Archaeology, the City of David, and the Future of Jerusalem

April 15 2019

A few weeks ago, archaeologists announced the discovery in Jerusalem of clay seals from the 6th century BCE that appear to have belonged to one of the courtiers of King Josiah mentioned in the biblical book of Kings. The discoveries were the product of ongoing excavations of an area known as the City of David, thought to be the main part of Jerusalem in First Temple times. Persistently denying all of the facts of Jewish history in the land of Israel, pro-Palestinian activists have condemned the excavations as the work of “settlers” trying to undermine their claims to Jerusalem. Jonathan Tobin writes:

Critics of the City of David Foundation, [which oversees the excavations and the concomitant preservations efforts], are also against its activities because they believe that the area should be part of a future Palestinian state. They say that the development of the site and the digs are part of an effort to prevent a redivision of Jerusalem that would enable the Palestinian Authority to put its capital in the city. . .

[T]he effort to delegitimize the work at the City of David points to a basic problem: . . . if you’re going to deny Jewish rights to the place where King David and his descendants ruled their ancient kingdom, then you can deny them any place in the country. And that is what Palestinians have continued to do. Their effort to treat the City of David or even the Western Wall as linked to Jewish myths rather than to the beginning of Jewish civilization is inextricably linked to their refusal to recognize the legitimacy of a Jewish state, no matter where its borders might be drawn.

Nor can it be argued that in a two-state solution, the Palestinians could be trusted to safeguard historical sites such as these. Just this week, evidence surfaced of ancient tombs in the Jericho area—territory that is governed by the Palestinian Authority—being looted by local Arabs. This is a commonplace occurrence throughout the [Palestinian-administered] territories; the region’s ancient Jewish heritage is being systematically destroyed by those out to make a profit or whose main goal is to eradicate the abundant evidence of the ancient Jewish ties to this land.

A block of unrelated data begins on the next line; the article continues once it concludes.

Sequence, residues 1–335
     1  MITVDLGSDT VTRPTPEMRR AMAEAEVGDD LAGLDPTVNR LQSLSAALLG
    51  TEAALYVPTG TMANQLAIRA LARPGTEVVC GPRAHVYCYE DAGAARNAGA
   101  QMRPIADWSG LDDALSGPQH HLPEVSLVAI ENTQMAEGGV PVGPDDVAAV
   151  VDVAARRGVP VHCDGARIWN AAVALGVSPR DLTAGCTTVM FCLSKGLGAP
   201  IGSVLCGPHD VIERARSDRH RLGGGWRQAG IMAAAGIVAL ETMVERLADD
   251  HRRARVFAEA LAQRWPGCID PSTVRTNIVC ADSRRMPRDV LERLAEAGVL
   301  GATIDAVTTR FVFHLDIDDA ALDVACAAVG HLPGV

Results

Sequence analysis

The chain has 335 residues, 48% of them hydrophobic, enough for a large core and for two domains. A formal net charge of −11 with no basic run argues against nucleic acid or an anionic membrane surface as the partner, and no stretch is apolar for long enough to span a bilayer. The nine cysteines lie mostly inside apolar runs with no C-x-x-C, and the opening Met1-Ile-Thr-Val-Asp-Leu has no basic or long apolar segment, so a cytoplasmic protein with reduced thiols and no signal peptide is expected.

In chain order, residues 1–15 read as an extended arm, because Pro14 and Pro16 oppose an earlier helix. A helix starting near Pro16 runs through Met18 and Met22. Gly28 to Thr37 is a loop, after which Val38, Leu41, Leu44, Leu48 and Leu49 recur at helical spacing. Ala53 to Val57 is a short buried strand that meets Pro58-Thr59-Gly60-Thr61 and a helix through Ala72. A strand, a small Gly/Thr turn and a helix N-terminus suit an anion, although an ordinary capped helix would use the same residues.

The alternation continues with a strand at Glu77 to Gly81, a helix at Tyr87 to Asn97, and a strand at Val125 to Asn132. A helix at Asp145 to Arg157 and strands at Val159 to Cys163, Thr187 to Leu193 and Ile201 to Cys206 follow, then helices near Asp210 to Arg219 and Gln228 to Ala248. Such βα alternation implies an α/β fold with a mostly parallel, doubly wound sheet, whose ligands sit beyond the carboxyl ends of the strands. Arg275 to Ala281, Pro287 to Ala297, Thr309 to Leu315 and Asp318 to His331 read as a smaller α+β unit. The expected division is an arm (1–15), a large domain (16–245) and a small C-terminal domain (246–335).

The only way to protect the heritage of the City of David is to ensure that it and the rest of Jerusalem remain under undivided Israeli authority with the right of Jews to live in their ancient capital undiminished. Any other solution isn’t a path to peace, but something that will only further encourage the history deniers of the Palestinian Authority to keep fighting their war on Jewish history.

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More about: Archaeology, Israeli-Palestinian Conflict, Jerusalem

Who Changed the Term “Nakba” into a Symbol of Arab Victimization?

April 19 2019

In contemporary Palestinian discourse, not to mention that of the Palestinians’ Western supporters, the creation of the state of Israel is known as the Nakba, or catastrophe—sometimes explicitly compared with the Holocaust. The very term has come to form a central element in a narrative of passive Palestinian suffering at Jewish hands. But when the Syrian historian Constantin Zureiq first used the term with regard to the events of 1948, he meant something quite different, and those responsible for changing its meaning were none other than Israelis. Raphael Bouchnik-Chen explains:

In his 1948 pamphlet The Meaning of the Disaster (Ma’na al-Nakba), Zureiq attributed the Palestinian/Arab flight to the stillborn pan-Arab assault on the nascent Jewish state rather than to a premeditated Zionist design to disinherit the Palestinian Arabs. “We [Arabs] must admit our mistakes,” [he wrote], “and recognize the extent of our responsibility for the disaster that is our lot.” . . . In a later book, The Meaning of the Catastrophe Anew, published after the June 1967 war, he defined that latest defeat as a “Nakba,” . . . since—just as in 1948—it was a self-inflicted disaster emanating from the Arab world’s failure to confront Zionism. . . .

It was only in the late 1980s that it began to be widely perceived as an Israeli-inflicted injustice. Ironically, it was a group of politically engaged, self-styled Israeli “new historians” who provided the Palestinian national movement with perhaps its best propaganda tool by turning the saga of Israel’s birth upside down, with aggressors turned into hapless victims, and vice-versa, on the basis of massive misrepresentation of archival evidence.

While earlier generations of Palestinian academics and intellectuals had refrained from exploring the origins of the 1948 defeat, the PLO chairman Yasir Arafat, who was brought to Gaza and the West Bank as part of the 1993 Oslo Accords and was allowed to establish his Palestinian Authority (PA) in parts of those territories, grasped the immense potential of reincarnating the Nakba as a symbol of Palestinian victimhood rather than a self-inflicted disaster. In 1998, he proclaimed May 15 a national day of remembrance of the Nakba. In subsequent years, “Nakba Day” has become an integral component of the Palestinian national narrative and the foremost event commemorating their 1948 “catastrophe.”

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More about: Arab World, Israeli-Palestinian Conflict, New historians, Yasir Arafat